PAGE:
There is a lot of misinformation about how to dose beta alanine. Some products claim the clinical dose is 3.2g. This dose is actually derived from a study using a daily dose of 6.4g, taken as 1600mg 4 times a day. This dose was chosen because there is a saturation point that needs to occur before your carnosine levels are significantly increased. That saturation point is 179g, reached by taking 6.4g a day for 28 days.7 At this dosing protocol, carnosine levels were increased by up to 40%.

What about the tingling? Well, the “tingling” is clinically known as paresthesia and occurs from beta alanine or a metabolite of interacting with a receptor known as MrgprD. This receptor is located on your nerve endings of pruriceptive neurons near the top of your skin and thus cause an uncomfortable “pins and needles” or burning sensation. This has subsided in all subjects after an hour or less and HAS NOTHING to do with the ergogenic effects of beta alanine.

Loco® by MyoBlox® contains 5g of beta alanine per full dose which can allow you to reach your saturation point and elevate carnosine levels more quickly than most products that contain at maximum 3.2g. The benefits of increasing carnosine levels include training harder and longer than without it and buffering your body against the deleterious effects of high levels of acidic protons and lactic acid build-up. For more information on Loco®, please check out the product page here.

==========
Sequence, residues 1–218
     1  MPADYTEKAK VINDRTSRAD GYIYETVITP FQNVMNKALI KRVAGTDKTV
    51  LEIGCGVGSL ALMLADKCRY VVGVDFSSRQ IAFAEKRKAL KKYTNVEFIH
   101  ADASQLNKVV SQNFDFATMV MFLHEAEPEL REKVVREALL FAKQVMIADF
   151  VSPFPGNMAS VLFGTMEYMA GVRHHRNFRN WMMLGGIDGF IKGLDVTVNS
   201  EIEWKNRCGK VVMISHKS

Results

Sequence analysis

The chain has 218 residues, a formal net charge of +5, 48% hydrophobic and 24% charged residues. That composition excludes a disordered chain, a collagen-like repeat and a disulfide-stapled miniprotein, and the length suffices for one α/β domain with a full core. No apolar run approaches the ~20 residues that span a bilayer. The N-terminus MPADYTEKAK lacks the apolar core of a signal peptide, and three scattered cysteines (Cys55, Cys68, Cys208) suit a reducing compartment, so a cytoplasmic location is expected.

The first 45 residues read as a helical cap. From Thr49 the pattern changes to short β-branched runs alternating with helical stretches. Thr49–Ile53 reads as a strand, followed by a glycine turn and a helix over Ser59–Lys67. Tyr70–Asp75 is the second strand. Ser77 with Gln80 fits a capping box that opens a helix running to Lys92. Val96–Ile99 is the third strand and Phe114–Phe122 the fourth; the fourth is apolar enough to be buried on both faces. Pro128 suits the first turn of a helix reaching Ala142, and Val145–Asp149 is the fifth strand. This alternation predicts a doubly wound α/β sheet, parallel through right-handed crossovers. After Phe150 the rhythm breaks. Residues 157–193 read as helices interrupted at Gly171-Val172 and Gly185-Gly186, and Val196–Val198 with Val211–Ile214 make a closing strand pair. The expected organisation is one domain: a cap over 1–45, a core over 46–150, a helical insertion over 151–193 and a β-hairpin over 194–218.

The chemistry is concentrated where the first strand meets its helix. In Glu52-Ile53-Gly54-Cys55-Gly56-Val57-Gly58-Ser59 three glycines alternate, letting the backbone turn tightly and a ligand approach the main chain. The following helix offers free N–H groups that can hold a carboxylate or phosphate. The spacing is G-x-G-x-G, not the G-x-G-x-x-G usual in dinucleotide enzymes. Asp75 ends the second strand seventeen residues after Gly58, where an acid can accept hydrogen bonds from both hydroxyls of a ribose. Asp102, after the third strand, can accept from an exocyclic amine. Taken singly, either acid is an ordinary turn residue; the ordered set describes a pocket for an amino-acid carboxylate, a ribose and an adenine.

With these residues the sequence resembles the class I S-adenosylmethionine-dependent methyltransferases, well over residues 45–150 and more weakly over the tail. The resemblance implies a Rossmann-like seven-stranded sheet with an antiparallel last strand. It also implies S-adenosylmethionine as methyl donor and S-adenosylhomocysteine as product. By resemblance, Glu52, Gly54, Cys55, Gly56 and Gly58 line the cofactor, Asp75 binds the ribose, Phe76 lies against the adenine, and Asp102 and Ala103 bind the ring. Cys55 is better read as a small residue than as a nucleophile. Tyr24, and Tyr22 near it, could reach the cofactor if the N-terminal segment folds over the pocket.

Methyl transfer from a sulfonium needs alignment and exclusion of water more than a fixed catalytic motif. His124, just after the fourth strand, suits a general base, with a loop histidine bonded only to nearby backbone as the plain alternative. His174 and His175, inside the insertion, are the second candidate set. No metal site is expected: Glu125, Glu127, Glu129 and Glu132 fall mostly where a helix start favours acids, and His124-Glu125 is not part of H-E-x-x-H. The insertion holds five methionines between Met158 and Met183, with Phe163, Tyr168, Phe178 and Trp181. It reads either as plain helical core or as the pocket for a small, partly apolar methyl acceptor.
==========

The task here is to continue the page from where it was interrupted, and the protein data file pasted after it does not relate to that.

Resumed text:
-GC,

Chief Science Officer, MyoBlox®

 

 

 

 

 

References:

  1. Bate-Smith CE. The buffering of muscle in rigor: protein, phosphate and carnosine. J Physiol. 1938;92:336-343.
  2. Miles, M. P., and P. M. Clarkson. "Exercise-induced muscle pain, soreness, and cramps." The Journal of sports medicine and physical fitness3 (1994): 203-216.
  3. Dunnett, M., and R. C. Harris. "Influence of oral ß‐alanine and L‐histidine supplementation on the carnosine content of the gluteus medius." Equine veterinary journalS30 (1999): 499-504.
  4. Westerblad, Hakan, David G. Allen, and Jan Lannergren. "Muscle fatigue: lactic acid or inorganic phosphate the major cause?." Physiology1 (2002): 17-21.
  5. Harris RC, Tallon MJ, Dunnett M, et al. The absorption of orally supplied beta-alanine and its effect on muscle carnosine synthesis in human vastus lateralis. Amino Acids. 2006;30(3):279-289.
  6. Bishop D, Edge J, Davis C, Goodman C. Induced metabolic alkalosis affects muscle metabolism and repeated-sprint ability. Med Sci Sports Exerc. 2004;36(5):807-813
Derave W, Ozdemir MS, Harris RC, et al. beta-Alanine supplementation augments muscle carnosine content and attenuates fatigue during repeated isokinetic contraction bouts in trained sprinters. J Appl Physiol. 2007;103(5):1736-1743
October 01, 2018 by Daniel Graham